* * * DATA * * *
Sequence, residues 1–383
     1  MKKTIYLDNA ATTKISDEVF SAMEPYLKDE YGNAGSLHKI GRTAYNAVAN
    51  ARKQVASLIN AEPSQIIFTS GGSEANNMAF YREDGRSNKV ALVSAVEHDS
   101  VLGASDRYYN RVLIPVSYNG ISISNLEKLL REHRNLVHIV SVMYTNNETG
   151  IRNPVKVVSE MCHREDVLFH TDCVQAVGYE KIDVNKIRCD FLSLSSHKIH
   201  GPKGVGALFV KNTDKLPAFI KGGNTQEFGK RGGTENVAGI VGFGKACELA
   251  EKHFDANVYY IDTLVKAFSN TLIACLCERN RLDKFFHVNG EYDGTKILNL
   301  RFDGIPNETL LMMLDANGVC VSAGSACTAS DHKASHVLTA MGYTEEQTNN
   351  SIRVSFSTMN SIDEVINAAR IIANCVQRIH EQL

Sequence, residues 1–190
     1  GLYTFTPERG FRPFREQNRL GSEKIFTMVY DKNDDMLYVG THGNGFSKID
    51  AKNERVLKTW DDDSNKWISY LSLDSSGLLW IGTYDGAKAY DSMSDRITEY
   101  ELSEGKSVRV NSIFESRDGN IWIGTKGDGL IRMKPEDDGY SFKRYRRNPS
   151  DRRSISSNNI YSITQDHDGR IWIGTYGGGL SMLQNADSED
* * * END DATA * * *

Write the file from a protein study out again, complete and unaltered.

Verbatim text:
Sequence, residues 1–383
     1  MKKTIYLDNA ATTKISDEVF SAMEPYLKDE YGNAGSLHKI GRTAYNAVAN
    51  ARKQVASLIN AEPSQIIFTS GGSEANNMAF YREDGRSNKV ALVSAVEHDS
   101  VLGASDRYYN RVLIPVSYNG ISISNLEKLL REHRNLVHIV SVMYTNNETG
   151  IRNPVKVVSE MCHREDVLFH TDCVQAVGYE KIDVNKIRCD FLSLSSHKIH
   201  GPKGVGALFV KNTDKLPAFI KGGNTQEFGK RGGTENVAGI VGFGKACELA
   251  EKHFDANVYY IDTLVKAFSN TLIACLCERN RLDKFFHVNG EYDGTKILNL
   301  RFDGIPNETL LMMLDANGVC VSAGSACTAS DHKASHVLTA MGYTEEQTNN
   351  SIRVSFSTMN SIDEVINAAR IIANCVQRIH EQL

Sequence, residues 1–190
     1  GLYTFTPERG FRPFREQNRL GSEKIFTMVY DKNDDMLYVG THGNGFSKID
    51  AKNERVLKTW DDDSNKWISY LSLDSSGLLW IGTYDGAKAY DSMSDRITEY
   101  ELSEGKSVRV NSIFESRDGN IWIGTKGDGL IRMKPEDDGY SFKRYRRNPS
   151  DRRSISSNNI YSITQDHDGR IWIGTYGGGL SMLQNADSED